Interview | Amy Lombard
Favorite thing to do besides photography or design?
I’m very into antiques and roaming around estate sales. I have an affinity for 40s-70s maximalist furniture and vintage toys. My interest in these antiques is not unlike my interest in photography, really. These items can tell you so much about culture and how people lived then—just like pictures can.
Red, orange and yellow. I'm a leo--the fire sign in me comes through in my color choices, I suppose.
If you could live anywhere in the world, where would it be?
I live in Jackson Heights, Queens—and truthfully, if I could live anywhere, I would still probably choose here. Queens really is magical. I do love desert culture though. In my ideal world Queens would stay my home base and i’d spend winters in the desert, either somewhere in Nevada or Arizona. The snowbirds who flock to Arizona with their RV’s and mobile homes are living right in my opinion.
Favorite place to shoot?
The desert. You cannot beat the light.
My first camera was a …
My first camera was a Nikon Fg that belonged to my friend Sam Gorelick's father.
Describe yourself in three words.
Brassy, stubborn, passionate.
Describe your work in three words.
Colorful, confrontational, joyful.
About Amy’s Work
What camera(s) do you prefer to use?
Canon 5d Mark III
What inspired you to pursue photography/design?
When I was a kid I dreamed of being a writer. I wanted to tell stories—both non fiction and fiction. There was a moment when I was a teenager that I realized with my camera I no longer needed words to communicate the stories that were important to me. When I was fifteen I made myself a contract with myself saying that I would build my life around photography—and that’s precisely what i’ve done. The biggest inspiration behind the subjects i cover came from my days working at LIFE. When you think of LIFE you think of great photoessays like Country Doctor, but what most people don’t realize is that LIFE literally and photographically covered all walks of life. I became fascinated with stories of squirrels in clothes and seeing eye cats. These were the stories I was interested in, that I didn’t feel were being shown anymore.
What is your greatest source of inspiration?
My greatest source of inspiration comes from American culture at large—ranging from the Kardashians to Harry Potter fandom. I’m deeply interested in the phenomenons, interests, and personalities that shape our worlds.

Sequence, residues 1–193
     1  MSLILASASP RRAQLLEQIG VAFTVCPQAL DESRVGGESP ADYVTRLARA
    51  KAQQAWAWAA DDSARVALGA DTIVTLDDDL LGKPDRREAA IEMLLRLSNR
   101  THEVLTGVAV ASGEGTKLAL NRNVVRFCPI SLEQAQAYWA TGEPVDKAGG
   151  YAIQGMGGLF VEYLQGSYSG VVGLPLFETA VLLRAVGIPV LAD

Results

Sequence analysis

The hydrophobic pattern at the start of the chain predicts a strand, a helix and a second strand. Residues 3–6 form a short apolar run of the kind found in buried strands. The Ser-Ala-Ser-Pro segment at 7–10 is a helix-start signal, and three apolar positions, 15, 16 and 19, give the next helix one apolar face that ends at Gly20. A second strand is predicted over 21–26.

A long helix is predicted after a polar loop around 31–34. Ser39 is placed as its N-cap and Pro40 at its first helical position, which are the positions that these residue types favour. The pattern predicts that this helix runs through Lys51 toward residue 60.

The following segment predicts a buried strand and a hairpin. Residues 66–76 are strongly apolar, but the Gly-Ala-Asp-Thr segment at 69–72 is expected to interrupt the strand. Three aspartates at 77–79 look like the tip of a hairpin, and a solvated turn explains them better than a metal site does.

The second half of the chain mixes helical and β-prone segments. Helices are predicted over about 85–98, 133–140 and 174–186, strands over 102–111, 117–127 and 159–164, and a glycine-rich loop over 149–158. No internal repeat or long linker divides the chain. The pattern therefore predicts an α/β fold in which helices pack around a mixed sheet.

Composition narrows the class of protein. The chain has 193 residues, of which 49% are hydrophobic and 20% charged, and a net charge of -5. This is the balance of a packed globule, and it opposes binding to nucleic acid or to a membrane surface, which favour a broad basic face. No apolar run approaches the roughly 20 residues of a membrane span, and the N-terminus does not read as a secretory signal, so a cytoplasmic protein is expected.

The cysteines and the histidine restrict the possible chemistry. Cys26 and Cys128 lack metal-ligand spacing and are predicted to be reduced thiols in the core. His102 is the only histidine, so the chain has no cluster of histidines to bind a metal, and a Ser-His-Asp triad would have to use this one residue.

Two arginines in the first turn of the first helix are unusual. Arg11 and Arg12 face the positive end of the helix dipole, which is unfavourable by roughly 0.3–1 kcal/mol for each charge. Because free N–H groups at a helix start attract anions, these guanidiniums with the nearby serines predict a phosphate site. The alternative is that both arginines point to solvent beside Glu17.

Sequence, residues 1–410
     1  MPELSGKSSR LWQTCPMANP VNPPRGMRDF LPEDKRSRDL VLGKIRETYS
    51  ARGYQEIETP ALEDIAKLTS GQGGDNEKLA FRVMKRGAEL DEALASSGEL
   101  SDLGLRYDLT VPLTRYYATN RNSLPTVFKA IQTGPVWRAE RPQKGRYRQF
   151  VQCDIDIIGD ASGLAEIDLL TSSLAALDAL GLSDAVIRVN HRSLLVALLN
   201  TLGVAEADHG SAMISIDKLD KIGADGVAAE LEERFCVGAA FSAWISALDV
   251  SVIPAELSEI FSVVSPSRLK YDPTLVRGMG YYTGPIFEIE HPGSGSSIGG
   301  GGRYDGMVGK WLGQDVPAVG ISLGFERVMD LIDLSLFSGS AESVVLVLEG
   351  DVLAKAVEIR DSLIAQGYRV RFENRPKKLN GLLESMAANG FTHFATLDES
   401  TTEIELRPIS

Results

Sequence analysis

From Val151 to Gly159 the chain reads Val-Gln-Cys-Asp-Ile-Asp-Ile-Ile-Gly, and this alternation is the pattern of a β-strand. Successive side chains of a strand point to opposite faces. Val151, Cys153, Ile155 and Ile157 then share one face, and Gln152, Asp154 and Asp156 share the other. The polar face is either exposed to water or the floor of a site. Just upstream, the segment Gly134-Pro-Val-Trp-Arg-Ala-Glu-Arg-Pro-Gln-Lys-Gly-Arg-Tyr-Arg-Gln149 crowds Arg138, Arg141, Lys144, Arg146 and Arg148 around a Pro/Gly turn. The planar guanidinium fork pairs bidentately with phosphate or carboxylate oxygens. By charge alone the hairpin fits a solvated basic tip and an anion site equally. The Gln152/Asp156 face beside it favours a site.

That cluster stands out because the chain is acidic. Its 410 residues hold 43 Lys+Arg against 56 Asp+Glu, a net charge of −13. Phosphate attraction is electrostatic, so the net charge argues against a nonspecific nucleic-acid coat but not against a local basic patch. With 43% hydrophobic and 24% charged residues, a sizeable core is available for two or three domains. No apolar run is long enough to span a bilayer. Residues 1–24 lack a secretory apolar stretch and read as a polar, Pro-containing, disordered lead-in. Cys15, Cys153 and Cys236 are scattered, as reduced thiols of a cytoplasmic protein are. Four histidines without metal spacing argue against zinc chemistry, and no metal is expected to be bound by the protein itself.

What artists in your field have influenced your work?
Diane Arbus, Cindy Sherman, Rosalind Solomon, Barbra Crane, Nina Leen and Mark Cohen.
How would you describe your aesthetic?
Very flash-heavy. I find that flash has a way of casting a spotlight on everyday life.
What is the most significant project you have worked on? Where did you find inspiration to pursue it?
I’d say thus far, my book Connected that I worked on with VSCO. It documented various internet meetups around the country—showing how internet culture has impacted our sense of community.
Are there any projects you are currently pursuing or would like to pursue?
Oh yes, I have a lot of projects I will be starting this year—some i can talk about, some I cannot…yet! I’ve been working on a project on Square Dancing for years that has been on hiatus for much of 2018—i’ll be returning to it this month and hopefully wrapping the work in 2019. It’s extremely comprehensive, and very complicated subject matter. Totally separate from my documentary work, I am deeply interested in doing a photography based children’s book so it’s something i’ve been researching extensively and hoping to make moves with in 2019.
What general process do you undergo to produce your work?
Typically I become obsessed with a certain topic and it just snowballs into an internet hole that lasts for days until I find myself photographing it.